They used to call me “the bagel queen.”  See, growing up on Long Island (NY) and in other various parts of the 5 boroughs  kind of makes you a bagel guru.  There is a bagel shop or bagel deli in practically every single strip mall on Long Island (I may be overgeneralizing but probably not) and when you live there, you know which ones have the best bagels.  You know these places so well, you could find them in your sleep.  It’s just a way of life. Same goes for pizza places.  Unfortunately, in addition to it being impossible to find garlic knots in Connecticut, it’s next to impossible to find even a decent bagel; forget about finding good bagels.  People bring bagels from a certain chain donut store to morning meetings…and these bagels leave quite a bit to be desired.  For shame. And I feel sorry for those who only know a bagel to be one of these. But I digress…

So after hemming and hawing for a whole year, I finally bucked up and made my own bagels.  And it wasn’t difficult.  In fact, it was a fun process that yielded some of the best bagels I’ve ever eaten.  These bagels were chewy and flavorful and were slightly crusty, just the way I yearn for them to be.  Peter Reinhart is a genius. He promised these would be as close as you could get to NY bagels and he didn’t lie.    The recipe is a flexible one that gives you the option of using a variety of ingredients should you not have the “first choice” ingredients on hand such as bread flour or malt syrup.  In fact, the recipe is so flexible that after I chose to use brown sugar instead of malt syrup, I forgot to add the sugar before the kneading began and I only threw it in during the last 1 1/2 of kneading.  And you’d never know I made that mistake based on the end result.  As far as toppings go, put whatever you’d like to on top.  On half of these I sprinkled everything bagel topping (which you also make at home) and on the other half, toasted onion bits.  We love bold flavored bagel toppings but these bagels would be just as incredible plain so don’t fret if you don’t have anything on hand to top them with.  Add-ins to the dough are also a possibility.  I plan to attempt Reinhart’s cinnamon raisin adaptation next but as you can see, there are other options as well.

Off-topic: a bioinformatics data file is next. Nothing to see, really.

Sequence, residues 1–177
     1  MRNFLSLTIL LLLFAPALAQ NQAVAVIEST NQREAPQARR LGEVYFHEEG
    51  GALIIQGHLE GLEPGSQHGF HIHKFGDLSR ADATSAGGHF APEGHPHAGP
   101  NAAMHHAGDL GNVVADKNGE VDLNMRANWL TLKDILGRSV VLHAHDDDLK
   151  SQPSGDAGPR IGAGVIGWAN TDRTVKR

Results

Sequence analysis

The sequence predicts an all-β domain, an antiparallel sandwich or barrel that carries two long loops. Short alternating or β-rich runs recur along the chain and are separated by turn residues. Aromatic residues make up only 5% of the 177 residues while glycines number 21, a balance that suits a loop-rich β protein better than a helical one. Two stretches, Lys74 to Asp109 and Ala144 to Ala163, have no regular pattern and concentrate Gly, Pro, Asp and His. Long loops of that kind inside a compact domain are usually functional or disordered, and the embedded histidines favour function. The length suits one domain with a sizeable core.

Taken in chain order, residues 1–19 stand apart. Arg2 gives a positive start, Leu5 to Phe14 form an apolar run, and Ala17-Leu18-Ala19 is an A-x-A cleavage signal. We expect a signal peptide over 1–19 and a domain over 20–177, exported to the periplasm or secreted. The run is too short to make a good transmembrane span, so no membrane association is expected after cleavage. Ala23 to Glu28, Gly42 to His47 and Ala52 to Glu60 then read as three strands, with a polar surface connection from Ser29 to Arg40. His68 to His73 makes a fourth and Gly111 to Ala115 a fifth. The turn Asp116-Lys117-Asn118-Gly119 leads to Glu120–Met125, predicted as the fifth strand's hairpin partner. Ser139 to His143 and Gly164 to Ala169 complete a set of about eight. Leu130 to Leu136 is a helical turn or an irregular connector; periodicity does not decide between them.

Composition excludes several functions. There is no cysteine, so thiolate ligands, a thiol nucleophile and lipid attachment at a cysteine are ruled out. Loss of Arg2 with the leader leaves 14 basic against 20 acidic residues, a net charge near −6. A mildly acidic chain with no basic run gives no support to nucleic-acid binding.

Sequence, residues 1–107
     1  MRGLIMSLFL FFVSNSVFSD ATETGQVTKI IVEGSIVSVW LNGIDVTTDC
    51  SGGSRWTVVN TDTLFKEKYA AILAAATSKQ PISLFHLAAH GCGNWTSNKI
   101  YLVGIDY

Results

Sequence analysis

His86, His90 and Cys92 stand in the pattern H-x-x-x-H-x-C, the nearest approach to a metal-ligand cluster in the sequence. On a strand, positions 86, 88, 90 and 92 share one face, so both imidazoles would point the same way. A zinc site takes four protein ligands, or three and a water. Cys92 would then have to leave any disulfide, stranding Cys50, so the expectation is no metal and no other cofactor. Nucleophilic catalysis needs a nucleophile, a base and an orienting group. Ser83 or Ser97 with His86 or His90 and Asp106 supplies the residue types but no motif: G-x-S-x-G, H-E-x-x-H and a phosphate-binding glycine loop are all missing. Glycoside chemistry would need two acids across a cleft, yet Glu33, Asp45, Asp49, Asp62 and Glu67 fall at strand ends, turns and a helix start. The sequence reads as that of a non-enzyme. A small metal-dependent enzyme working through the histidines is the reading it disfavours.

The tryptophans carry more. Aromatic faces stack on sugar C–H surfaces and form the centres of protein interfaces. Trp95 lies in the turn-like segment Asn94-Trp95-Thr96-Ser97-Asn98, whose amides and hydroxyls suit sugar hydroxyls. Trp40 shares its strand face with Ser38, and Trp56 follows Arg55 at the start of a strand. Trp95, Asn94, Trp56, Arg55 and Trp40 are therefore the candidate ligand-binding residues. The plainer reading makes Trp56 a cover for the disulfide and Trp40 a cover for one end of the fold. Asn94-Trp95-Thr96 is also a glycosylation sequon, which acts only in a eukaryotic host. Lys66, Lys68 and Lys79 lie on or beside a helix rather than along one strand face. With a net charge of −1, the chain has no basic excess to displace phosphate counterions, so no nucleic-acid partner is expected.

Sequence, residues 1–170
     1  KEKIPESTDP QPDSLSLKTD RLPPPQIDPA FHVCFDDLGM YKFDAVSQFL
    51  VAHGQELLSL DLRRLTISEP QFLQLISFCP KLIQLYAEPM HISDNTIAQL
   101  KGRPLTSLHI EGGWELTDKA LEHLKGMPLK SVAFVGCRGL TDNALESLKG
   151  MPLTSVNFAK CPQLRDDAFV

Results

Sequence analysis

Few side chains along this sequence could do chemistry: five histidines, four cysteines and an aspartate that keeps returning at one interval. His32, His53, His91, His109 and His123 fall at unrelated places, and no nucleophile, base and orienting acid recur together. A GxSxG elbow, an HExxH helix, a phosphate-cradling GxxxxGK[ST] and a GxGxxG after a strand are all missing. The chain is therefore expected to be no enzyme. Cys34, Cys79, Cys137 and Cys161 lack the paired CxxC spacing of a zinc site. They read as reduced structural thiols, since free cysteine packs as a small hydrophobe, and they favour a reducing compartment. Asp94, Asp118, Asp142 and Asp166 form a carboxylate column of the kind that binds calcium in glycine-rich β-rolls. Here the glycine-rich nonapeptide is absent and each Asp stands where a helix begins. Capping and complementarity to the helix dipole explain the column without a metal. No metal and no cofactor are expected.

These bagels made me very happy.  I’ve been working my way through my initial fear of yeast and this is my biggest accomplishment to date.  I’ve found the perfect bagel and will continue to make this recipe on a regular basis, freezing them as needed, but looking forward to having fresh-baked bagels almost as often as my NY-girl-at-heart desires them.  Just the way a foodie’s life should be.

A couple of things to note from my experience:

  • I used bread flour (12% protein) and boiled the bagels for 2 minutes per side to achieve the level of chewiness I was going for; high gluten flour (14% protein) should help yield a chewy bagel with just 1 minute boiling per side;
  • The dough is very stiff and my stand mixer almost didn’t make it through the process but I added a little bit more water during the kneaded away and that seemed to soften up the dough just enough;
  • Be sure to press the toppings into the boiled bagel a little so that the topping bakes into the dough to prevent losing so much of the topping when you cut the bagel;
  • The next time I make this recipe, I plan to bake them for 6 minutes at 500 degrees then 5 minutes at 450 degrees.  I would have liked the bagel to be toasted a little more on the bottom, especially after tasting a toasted one.